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Tuesday, January 31, 2023
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Police, Housing to Work Together to Fight Crime

A memorandum of understanding recently executed between the Police Department and V.I. Housing Authority is meant to improve safety throughout local public housing communities, help police solve crimes and reduce violence, according to officials.
In a release Monday, Gov. John deJongh Jr. said the two agencies will be working together to help produce "drug- and crime-free environments" in an effort to better protect residents of public housing by introducing community policing throughout their neighborhoods.
As part of the agreement, Police and the authority will soon begin reporting crime statistics borne out of the housing communities to the FBI, then use the data to put together policies and procedures, along with intervention strategies, that will help temper the numbers.
In a brief interview Monday, Police Commissioner Novelle Francis said many states are required to produce these kinds of uniform crime statistics, which the territory has fallen behind, but recently picked up the pace, on.
"It’s really meant to capture data coming out of the housing communities in order to help us fight crime there," he explained, adding that since last month, up-to-date information is being produced once again.
The agreement also increases of the presence of police officers in crime hot spots in and around public housing buildings. Officers will also work to encourage residents to get involved in keeping their neighborhoods safe by training in neighborhood watch, community crime prevention and reporting domestic violence, the release said.
Looking at crime prevention through education, youth groups and recreational opportunities for youngsters is also part of the agreement, according to the release.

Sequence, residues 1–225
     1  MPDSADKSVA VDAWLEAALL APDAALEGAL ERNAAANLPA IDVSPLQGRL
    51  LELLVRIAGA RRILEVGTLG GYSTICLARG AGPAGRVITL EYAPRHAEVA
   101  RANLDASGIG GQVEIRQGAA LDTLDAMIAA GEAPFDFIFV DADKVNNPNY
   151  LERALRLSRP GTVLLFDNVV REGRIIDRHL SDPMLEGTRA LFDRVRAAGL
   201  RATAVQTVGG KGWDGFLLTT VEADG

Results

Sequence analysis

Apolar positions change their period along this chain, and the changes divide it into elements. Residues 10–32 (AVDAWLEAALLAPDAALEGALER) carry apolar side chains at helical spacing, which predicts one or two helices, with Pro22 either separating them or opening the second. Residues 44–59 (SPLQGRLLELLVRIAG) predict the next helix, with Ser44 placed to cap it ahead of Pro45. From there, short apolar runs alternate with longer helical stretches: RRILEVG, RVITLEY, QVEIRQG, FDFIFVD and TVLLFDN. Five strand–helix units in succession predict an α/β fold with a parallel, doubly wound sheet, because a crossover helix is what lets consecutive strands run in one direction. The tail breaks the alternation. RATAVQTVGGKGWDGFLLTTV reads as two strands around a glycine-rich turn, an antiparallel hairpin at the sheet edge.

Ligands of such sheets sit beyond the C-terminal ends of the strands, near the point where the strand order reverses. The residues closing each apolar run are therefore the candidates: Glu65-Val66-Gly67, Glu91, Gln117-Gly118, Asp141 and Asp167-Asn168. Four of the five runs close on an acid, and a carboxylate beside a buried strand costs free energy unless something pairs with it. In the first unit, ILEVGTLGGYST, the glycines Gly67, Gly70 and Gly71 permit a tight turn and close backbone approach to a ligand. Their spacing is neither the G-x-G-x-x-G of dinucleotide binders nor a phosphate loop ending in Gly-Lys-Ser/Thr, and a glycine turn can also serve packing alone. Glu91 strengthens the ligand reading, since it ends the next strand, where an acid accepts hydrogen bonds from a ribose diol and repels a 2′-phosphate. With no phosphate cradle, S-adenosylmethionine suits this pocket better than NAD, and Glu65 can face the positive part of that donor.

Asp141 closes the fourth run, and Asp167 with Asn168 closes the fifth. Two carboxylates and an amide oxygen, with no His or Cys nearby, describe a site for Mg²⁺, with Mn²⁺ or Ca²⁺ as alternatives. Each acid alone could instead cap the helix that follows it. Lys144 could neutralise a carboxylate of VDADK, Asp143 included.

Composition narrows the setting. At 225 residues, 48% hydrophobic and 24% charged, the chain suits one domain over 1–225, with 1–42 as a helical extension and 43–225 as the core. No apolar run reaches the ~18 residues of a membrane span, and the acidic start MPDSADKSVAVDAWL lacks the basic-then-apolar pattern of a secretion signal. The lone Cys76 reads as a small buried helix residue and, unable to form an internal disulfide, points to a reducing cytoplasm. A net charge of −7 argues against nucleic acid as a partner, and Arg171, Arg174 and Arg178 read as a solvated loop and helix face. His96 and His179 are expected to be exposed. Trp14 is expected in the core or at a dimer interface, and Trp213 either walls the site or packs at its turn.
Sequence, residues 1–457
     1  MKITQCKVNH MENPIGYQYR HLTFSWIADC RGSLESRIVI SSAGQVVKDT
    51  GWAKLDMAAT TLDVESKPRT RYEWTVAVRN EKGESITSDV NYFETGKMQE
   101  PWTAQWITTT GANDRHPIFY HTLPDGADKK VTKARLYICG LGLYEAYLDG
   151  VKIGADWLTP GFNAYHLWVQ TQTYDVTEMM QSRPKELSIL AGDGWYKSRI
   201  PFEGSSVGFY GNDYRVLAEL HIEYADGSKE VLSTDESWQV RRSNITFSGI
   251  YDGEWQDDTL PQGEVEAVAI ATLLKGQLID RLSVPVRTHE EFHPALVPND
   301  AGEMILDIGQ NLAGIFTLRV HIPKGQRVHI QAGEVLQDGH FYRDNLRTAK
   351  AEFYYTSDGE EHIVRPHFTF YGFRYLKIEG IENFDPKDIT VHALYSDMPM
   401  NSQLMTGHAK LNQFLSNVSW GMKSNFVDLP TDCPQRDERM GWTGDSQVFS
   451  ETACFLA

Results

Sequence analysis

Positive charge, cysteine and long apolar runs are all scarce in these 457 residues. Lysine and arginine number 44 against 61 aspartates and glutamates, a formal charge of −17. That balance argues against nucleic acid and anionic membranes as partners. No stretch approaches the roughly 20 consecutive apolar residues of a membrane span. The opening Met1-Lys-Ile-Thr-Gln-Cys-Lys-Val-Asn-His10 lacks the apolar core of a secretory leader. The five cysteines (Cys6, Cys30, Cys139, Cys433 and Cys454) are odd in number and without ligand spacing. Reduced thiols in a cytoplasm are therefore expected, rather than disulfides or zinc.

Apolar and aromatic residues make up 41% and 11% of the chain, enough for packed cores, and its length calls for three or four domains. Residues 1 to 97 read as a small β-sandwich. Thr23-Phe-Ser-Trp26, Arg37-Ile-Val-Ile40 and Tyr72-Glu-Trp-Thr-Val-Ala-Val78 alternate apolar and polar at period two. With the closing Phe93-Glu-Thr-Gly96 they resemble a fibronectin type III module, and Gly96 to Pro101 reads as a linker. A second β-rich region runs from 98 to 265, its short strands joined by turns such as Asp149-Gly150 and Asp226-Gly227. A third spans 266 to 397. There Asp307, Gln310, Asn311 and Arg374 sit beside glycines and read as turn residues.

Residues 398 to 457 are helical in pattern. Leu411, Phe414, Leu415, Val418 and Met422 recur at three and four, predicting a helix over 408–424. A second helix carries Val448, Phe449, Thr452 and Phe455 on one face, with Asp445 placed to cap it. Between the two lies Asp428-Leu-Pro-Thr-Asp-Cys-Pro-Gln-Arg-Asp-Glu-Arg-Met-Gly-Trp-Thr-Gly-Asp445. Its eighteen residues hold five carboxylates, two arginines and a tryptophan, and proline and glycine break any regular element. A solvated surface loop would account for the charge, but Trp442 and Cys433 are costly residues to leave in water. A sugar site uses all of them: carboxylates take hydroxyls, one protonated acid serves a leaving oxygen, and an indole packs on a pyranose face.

Surveillance cameras will also be set up throughout the communities, with a command center set up at a central location so the feeds can be monitored, Francis added Monday.
"Based on the information we get from those, we’ll determine where space is needed within a specific housing community for officers to work," he explained. Housing is footing the bill for the command center, and other costs to support the MOU will be shared between the two agencies, Francis said.
Police and Housing will also be holding monthly meetings to continue developing the plans, which also include eliminating abandoned vehicles, getting officers to appear as witnesses in administrative procedures against tenants and helping the authority carry out background checks on prospective tenants, according to the release.
Francis said work on the MOU has gone back and forth for at least a month, with the department putting in place a liaison to work with the authority in tackling certain concerns.
"Since then, the number of calls coming to us from the housing communities have somewhat decreased, and I think it can be attributed to some of the initiatives we’re carrying out in the area, but more importantly because of the collaboration with the Housing Authority, which we hope will continue indefinitely," Francis said Monday.

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